In the current digital age, it is almost impossible to find someone who does not have some sort of digital footprint or at least a small sliver of their life online. You may have digital assets, an online bank account or social media profiles, and these are all things you want to take care of in the event of your death.
Fortunately, Florida law generally allows for the inclusion of digital assets in your estate plan and will. This way, you can ensure the protection and maintenance of all digital property after your death.
Memorializing your profiles
USA Today discusses how to organize your online life so your family is not left struggling in the wake of your death. First, you have the option of either deleting or memorializing some of your social media accounts. If you memorialize an account, it means that people can still view it, but no one can change it. You also retain the copyright to videos or images on your social media sites for up to 70 years after your passing. Thus, your estate can take content down if others post it, even if you do not leave instructions to do so in your will.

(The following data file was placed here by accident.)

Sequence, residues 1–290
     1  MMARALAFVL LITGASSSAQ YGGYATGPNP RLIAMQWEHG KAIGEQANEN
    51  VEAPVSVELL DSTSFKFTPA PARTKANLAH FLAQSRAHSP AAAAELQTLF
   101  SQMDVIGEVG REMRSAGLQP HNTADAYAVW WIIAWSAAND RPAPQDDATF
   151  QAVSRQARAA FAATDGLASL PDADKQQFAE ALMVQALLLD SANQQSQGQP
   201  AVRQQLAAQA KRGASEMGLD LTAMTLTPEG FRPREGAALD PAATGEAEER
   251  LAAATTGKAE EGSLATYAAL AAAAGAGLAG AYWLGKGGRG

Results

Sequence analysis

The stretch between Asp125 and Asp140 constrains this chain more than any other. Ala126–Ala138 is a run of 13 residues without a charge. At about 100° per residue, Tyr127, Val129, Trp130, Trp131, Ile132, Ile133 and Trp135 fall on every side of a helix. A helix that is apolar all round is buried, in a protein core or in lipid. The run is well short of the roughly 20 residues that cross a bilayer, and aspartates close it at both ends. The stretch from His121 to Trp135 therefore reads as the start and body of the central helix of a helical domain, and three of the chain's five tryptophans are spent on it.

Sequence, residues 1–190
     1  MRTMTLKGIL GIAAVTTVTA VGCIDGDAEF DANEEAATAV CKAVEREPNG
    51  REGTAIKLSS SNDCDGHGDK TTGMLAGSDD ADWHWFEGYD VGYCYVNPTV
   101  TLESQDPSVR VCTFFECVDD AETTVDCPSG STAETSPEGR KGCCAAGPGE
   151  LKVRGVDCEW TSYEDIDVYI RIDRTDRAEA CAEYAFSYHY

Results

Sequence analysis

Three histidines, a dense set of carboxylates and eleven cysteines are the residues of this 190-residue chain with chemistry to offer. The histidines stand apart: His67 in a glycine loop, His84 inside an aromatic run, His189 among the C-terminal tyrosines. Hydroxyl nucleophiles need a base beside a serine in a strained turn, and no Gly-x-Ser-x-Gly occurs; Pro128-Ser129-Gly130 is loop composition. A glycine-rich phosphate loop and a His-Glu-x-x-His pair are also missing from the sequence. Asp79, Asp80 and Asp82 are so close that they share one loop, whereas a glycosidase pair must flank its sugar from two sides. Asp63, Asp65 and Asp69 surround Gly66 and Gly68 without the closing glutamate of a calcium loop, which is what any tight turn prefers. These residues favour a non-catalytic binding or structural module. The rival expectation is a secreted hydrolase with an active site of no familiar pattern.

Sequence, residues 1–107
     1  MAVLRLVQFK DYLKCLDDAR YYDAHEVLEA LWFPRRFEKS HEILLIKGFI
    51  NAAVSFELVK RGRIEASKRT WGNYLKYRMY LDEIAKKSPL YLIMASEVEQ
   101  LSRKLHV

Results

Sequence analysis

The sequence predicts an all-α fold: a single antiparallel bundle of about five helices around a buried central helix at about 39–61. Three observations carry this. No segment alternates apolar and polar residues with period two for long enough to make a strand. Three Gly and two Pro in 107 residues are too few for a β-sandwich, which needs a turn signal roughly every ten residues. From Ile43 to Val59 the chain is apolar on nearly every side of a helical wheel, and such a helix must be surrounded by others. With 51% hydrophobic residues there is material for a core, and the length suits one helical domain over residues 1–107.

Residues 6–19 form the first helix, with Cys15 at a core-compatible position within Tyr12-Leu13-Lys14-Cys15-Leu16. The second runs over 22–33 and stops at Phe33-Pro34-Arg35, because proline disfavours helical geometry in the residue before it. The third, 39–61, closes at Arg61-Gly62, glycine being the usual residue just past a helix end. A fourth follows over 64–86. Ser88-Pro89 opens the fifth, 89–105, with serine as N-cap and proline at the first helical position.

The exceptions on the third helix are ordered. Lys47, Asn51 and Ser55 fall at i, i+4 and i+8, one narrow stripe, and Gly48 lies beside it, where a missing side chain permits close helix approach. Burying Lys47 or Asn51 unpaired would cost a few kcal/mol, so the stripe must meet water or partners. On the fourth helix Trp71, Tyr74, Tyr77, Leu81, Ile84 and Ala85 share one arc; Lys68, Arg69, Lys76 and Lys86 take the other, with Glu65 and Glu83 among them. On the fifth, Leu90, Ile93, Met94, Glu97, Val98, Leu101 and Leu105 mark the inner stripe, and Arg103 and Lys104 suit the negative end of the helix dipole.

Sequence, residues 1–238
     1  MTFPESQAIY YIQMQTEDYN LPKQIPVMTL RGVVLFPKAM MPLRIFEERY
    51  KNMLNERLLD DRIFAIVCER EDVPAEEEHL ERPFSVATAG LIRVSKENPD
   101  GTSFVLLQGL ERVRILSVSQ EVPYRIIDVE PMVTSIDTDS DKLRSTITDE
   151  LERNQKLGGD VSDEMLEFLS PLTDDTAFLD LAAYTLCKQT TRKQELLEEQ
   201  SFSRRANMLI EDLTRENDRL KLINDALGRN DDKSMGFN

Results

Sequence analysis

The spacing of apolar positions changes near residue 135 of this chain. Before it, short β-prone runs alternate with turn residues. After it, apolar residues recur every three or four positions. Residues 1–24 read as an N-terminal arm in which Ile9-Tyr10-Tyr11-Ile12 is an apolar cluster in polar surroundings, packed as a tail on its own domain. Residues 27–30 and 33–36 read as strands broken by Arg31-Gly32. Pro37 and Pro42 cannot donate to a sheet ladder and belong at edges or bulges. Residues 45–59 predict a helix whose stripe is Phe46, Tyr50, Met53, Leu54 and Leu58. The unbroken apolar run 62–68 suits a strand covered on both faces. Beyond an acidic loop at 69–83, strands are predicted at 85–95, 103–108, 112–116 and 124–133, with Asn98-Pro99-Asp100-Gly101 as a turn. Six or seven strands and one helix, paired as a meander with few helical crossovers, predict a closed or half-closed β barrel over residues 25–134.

Managing your digital assets
You can also designate an estate representative specifically for your digital assets. They can help with the inventory and oversight of things like passwords and storage. They can also transfer any assets and deactivate any necessary accounts in a timely fashion, ensuring that everyone gets their share without any penalties. They can also manage your online accounts for you with your phone, computer and passwords. This person can preserve and maintain your image after your death as you wish for it to be, so select them with care.